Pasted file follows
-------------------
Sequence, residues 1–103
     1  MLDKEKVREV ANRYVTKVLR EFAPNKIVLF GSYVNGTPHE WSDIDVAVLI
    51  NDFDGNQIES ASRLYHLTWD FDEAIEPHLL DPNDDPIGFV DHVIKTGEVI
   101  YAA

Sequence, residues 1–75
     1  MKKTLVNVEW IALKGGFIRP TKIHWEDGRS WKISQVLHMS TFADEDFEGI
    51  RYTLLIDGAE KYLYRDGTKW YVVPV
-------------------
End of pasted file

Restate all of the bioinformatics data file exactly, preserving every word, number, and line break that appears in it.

Sequence, residues 1–103
     1  MLDKEKVREV ANRYVTKVLR EFAPNKIVLF GSYVNGTPHE WSDIDVAVLI
    51  NDFDGNQIES ASRLYHLTWD FDEAIEPHLL DPNDDPIGFV DHVIKTGEVI
   101  YAA

Sequence, residues 1–75
     1  MKKTLVNVEW IALKGGFIRP TKIHWEDGRS WKISQVLHMS TFADEDFEGI
    51  RYTLLIDGAE KYLYRDGTKW YVVPV